An increasing GDP is often seen as a measure of economic success. However, it fails to account for the multidimensional nature of development or the inherent shortcomings of capitalism, which tend to concentrate income and, thus, power. GDP is not, on its own, an adequate gauge of a country’s development. Development includes not only an economic dimension but also involves social, environmental and emotional dimensions.
We should remind ourselves of the memorable poser Dudley Seers, first president of the prestigious European Association of Development Institutes (EADI) on development: “The questions to ask about a country’s development are: What has been happening to poverty? What has been happening to unemployment? What has been happening to inequality?” The last two decades have seen a phenomenal rise of a market-driven philosophy of growth over state-driven development models that dominated developing countries in the years that followed their birth and independence.
One section embodied the values and principles of the older nonprofits including social movements, mass organizations and community-based groups. The other section was located in the market and technology spaces and got rapidly populated by new-age nonprofits, social enterprises and online collectives. There is a fundamental contradiction between them.
The old nonprofits’ worldview is premised on a systemic approach integrating social sciences in which the complexity, interdependence and interrelatedness of then-diverse factors at work need to be understood and addressed. In the approach of the new-age nonprofits, by contrast, the emphasis is on finding technology-based managerial solutions for these issues. One is empathetic and human-driven; the other is purely symptom-driven and techno-centric.
Poor and rich
One of the dangers of excessive focus on GDP growth is manifested in the tunnel vision it has created among viewers: Issues affecting the poor and the marginalized have been sidelined, and their status quo persists. The rich continue to accumulate wealth, both by legitimate and illegitimate means. The result is a no-brainer: greater inequality. GDP growth does not consider the extent of institutional corruption which is one of the biggest obstacles in achieving equitable, quality growth and distributive justice. A major example is the miserable state of the banking sector which is plagued with a gigantic amount of nonperforming loans and where defaulters enjoy near-immunity.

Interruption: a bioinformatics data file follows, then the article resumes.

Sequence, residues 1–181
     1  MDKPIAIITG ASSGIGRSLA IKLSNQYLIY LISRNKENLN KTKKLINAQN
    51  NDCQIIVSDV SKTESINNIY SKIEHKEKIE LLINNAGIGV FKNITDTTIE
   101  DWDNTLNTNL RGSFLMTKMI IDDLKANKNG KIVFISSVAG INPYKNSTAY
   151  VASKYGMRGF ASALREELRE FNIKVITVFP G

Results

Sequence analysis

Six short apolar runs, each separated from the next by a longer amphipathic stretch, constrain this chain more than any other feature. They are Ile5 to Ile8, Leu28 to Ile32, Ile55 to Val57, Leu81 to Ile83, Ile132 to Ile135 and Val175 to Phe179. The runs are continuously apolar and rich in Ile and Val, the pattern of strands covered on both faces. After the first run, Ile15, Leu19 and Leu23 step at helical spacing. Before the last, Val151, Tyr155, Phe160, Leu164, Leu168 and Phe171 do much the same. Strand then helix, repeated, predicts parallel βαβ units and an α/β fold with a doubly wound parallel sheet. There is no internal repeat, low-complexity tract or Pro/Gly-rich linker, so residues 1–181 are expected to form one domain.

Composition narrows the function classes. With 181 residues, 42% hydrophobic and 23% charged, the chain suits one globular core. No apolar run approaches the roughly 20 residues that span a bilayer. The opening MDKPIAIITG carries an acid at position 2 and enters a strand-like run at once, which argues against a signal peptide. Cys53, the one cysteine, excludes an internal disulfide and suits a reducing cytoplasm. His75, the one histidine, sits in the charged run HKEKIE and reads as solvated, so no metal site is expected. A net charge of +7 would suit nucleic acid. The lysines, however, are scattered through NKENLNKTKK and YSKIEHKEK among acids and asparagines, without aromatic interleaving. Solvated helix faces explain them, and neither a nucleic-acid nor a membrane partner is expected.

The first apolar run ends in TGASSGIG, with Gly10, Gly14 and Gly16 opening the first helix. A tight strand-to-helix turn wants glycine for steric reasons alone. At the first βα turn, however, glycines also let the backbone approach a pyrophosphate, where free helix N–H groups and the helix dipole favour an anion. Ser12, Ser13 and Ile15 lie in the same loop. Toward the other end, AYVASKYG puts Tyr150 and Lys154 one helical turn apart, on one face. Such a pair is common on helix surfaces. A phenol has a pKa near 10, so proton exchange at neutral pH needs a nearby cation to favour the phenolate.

The dominant paradigm of development is focused on the expansion of economic growth, which, according to a top-down approach, would allow resources to trickle down to the poor, thereby improving their social status. Social interventions made with this idea in mind simply focus on improving the efficiency of processes that increase economic growth. However, this dominant ideology has failed to ensure the welfare of the marginalized and instead has ended up reproducing unequal social systems. True social change involves a transformation in the social structure, which can only emerge if there is a change in the development of discourse and mindset.
There are several social economists who believe that inclusive growth has to be grounded in inclusive governance. In the absence of inclusive governance, the people at the grassroots, that is, the intended beneficiaries of social programs are left desperately dependent on a bureaucratic delivery mechanism over which they have no effective control.
Progress means a more just and equitable society. It is very important that this approach to progress should now be on our minds. We judge progress by GDP. That is a purely material way of doing it. We need a much broader definition of the all-round, integrated progress. It is the new definition of progress toward which we should move.
In India, we have made progress despite tremendous problems. But there are still large numbers of people who continue to remain deprived of the fruits of development. When we talk of progress, we have to realize that it is also a multidimensional concept. It is a concept that covers the entire gamut of human life on this planet.
The alternative system would be participatory development, where the people themselves are enabled to build their own future through elected representatives responsible for the local community and, therefore, responsive to their needs. Successful development practitioners have always recognized the richness of this local wisdom.
It is in this context that real development paradigms based on participatory processes argue for the involvement of local communities in all strategies and approaches designed for their development. The development expert, Dani Rodrik, laid major emphasis on the importance of “local knowledge” and argued that standardized “blueprints” must not emphasize at the expense of local learning and local experimentation. He believed that participatory and decentralized political systems are the most effective ways of processing and aggregating local knowledge. By involving local communities in development, we can ensure more equitable and just growth – something which is not captured by GDP.
GDP is a challenge for the credibility of the economics profession or that of the policymakers who rely on it for ideation. It had several other purposes, but at some stage in its journey, it became a universal indicator of all things.
There are many alternative measures, including the Human Development Index (HDI), introduced by the United Nations in 1990, and the OECD’s (Organisation for Economic Co-operation and Development) Better Life Index, which are far superior measures of the quality of life and well-being. We need to have a broad and integrated view of development, which focuses on well-being and freedom rather than the standard indicators of economic growth.
In the absence of measures for ensuring sustained equitable distribution of its benefits, economic growth has frequently perpetuated the concentration of wealth in the hands of the already affluent. Governments and donors are now realizing that if they have to significantly reduce poverty, they need to promote inclusive growth. There is now a broad consensus that inequality affects the impact of growth on poverty reduction, and it is necessary to look beyond a "growth-first" agenda and focus on inclusive growth.
*Development professional based in Nagpur, India. He holds a Ph.D. in economics.